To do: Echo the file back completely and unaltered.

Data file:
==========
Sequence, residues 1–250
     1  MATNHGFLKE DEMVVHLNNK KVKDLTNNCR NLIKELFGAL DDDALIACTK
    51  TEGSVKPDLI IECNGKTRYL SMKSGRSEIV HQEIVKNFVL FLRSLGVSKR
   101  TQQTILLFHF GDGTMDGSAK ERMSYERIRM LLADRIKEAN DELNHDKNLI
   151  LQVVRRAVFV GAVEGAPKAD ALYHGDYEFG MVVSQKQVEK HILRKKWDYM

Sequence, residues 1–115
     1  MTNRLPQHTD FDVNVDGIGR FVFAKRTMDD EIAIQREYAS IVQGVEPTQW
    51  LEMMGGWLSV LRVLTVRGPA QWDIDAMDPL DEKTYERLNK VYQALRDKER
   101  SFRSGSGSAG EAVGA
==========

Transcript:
Sequence, residues 1–250
     1  MATNHGFLKE DEMVVHLNNK KVKDLTNNCR NLIKELFGAL DDDALIACTK
    51  TEGSVKPDLI IECNGKTRYL SMKSGRSEIV HQEIVKNFVL FLRSLGVSKR
   101  TQQTILLFHF GDGTMDGSAK ERMSYERIRM LLADRIKEAN DELNHDKNLI
   151  LQVVRRAVFV GAVEGAPKAD ALYHGDYEFG MVVSQKQVEK HILRKKWDYM

Sequence, residues 1–115
     1  MTNRLPQHTD FDVNVDGIGR FVFAKRTMDD EIAIQREYAS IVQGVEPTQW
    51  LEMMGGWLSV LRVLTVRGPA QWDIDAMDPL DEKTYERLNK VYQALRDKER
   101  SFRSGSGSAG EAVGA